To reduce the impact on the ground, JetBlue set a public goal to convert 40% of its three most common ground service vehicle types to electric by 2025 and 50% to electric by 2030. In 2019, JetBlue rolled out the largest electric fleet of any carrier at John F. Kennedy International Airport with 118 electric vehicles and continued to roll out electric ground service equipment at other airports.

Transitioning to Sustainable Aviation Fuel (SAF)

JetBlue views SAF as the most promising avenue for addressing aviation emissions in a meaningful and rapid way – once cost-effective SAF is made available commercially at scale. SAF can be produced from a wide array of renewable sources such as agricultural wastes and used cooking oils—not fossil fuels—and can lower lifecycle greenhouse gas emissions by roughly 80% compared to traditional petroleum-based fuels.

Since 2020, JetBlue has been flying regularly using SAF from its California airports in Los Angeles and San Francisco, partnering with both currently available SAF suppliers in the U.S. Through these existing and future SAF offtake agreements, JetBlue seeks to build a diversified portfolio of future SAF suppliers and feedstocks while continuing to send the message that strong demand for SAF exists.

Advancing the Future of Flight

The airline’s subsidiary, JetBlue Ventures (JBV), continues to invest in and partner with startups improving travel and hospitality, including those in the sustainable travel space. JBV has invested in seven direct and three adjacent sustainability companies to date. The team explores advanced methods of measuring and reducing emissions, technologies that improve environmental protections and encourage sustainable tourism, and transportation powered by alternative propulsion systems like electric or hydrogen-powered commercial aircraft.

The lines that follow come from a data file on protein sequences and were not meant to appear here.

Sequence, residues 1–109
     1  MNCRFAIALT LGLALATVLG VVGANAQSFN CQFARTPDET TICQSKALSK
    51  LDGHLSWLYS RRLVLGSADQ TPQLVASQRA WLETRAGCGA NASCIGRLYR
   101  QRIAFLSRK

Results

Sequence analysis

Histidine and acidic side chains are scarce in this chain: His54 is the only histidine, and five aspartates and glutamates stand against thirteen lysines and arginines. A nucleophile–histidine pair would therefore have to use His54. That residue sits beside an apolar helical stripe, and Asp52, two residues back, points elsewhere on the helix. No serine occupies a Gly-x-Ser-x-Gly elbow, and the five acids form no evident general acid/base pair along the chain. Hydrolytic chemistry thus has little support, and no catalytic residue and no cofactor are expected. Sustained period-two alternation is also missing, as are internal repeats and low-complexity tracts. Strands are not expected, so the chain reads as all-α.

Refreshed Carbon Offsetting Strategy

Since first setting the airline’s path to net zero, JetBlue has maintained that carbon offsetting is a bridge solution toward greater sustainability efforts that directly reduce air travel emissions. JetBlue is proud to have voluntarily offset more than 11M metric tons of CO2 emissions to date (EOY 2022), including providing domestic and transatlantic carbon-neutral flights for all customers from June 2020 to 2022. As lower-carbon solutions within the airline’s operations are made more readily available, the use of carbon offsets was always intended to decrease.

JetBlue will continue to collaborate with other like-minded organizations and recently joined the Business Alliance to Scale Climate Solutions (BASCS) as the first airline member to open opportunities for investment, policy influence, and discussions with other corporations and NGOS/IGOS in aligned messaging around scaling climate solutions. With the BASCS partnership, JetBlue will specifically focus on workstreams seeking to encourage conservation and restoration projects for coastal and oceanic carbon ecosystems – referred to as blue carbon projects – as well as promote learning sessions offering transparency into the standards, methodologies, and corporate guidance initiatives that go into these carbon credit markets.


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About the Author: Isaac Washington

Isaac Washington is the most recent addition to our team. Isaac specializes in General News, and Home and Garden news. Isaac has worked for years in the agricultural industry and recently has turned his attention to writing. Technology is one of his passions.